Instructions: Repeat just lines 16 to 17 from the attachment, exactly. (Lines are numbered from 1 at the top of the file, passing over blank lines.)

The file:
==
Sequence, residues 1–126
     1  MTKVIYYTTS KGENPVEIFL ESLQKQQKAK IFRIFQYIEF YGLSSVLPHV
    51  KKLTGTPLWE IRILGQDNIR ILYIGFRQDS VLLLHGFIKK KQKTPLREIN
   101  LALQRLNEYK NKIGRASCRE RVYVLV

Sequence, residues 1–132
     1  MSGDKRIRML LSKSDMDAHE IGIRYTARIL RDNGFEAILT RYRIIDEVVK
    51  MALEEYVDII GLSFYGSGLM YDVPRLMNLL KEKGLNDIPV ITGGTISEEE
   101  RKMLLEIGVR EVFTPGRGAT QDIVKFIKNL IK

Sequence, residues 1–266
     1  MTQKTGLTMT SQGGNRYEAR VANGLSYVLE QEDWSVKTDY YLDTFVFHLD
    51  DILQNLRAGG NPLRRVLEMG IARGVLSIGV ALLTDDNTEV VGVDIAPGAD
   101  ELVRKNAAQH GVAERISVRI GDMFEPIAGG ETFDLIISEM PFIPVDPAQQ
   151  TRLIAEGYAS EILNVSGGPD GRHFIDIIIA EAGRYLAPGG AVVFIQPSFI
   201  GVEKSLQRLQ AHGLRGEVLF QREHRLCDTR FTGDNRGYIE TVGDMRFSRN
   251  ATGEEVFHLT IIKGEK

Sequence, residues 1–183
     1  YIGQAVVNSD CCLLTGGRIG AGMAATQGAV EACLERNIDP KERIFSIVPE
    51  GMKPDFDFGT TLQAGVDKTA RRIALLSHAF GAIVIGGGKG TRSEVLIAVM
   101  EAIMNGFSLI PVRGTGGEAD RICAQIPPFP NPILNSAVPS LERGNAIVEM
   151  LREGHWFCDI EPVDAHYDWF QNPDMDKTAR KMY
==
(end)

Sequence, residues 1–183
     1  YIGQAVVNSD CCLLTGGRIG AGMAATQGAV EACLERNIDP KERIFSIVPE